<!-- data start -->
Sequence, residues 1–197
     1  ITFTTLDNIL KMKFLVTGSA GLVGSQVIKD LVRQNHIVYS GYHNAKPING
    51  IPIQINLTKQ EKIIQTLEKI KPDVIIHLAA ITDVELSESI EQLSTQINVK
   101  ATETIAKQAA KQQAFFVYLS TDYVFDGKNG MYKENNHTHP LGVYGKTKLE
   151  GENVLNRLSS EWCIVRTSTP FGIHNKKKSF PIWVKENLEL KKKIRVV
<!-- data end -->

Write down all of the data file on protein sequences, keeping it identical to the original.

Sequence, residues 1–197
     1  ITFTTLDNIL KMKFLVTGSA GLVGSQVIKD LVRQNHIVYS GYHNAKPING
    51  IPIQINLTKQ EKIIQTLEKI KPDVIIHLAA ITDVELSESI EQLSTQINVK
   101  ATETIAKQAA KQQAFFVYLS TDYVFDGKNG MYKENNHTHP LGVYGKTKLE
   151  GENVLNRLSS EWCIVRTSTP FGIHNKKKSF PIWVKENLEL KKKIRVV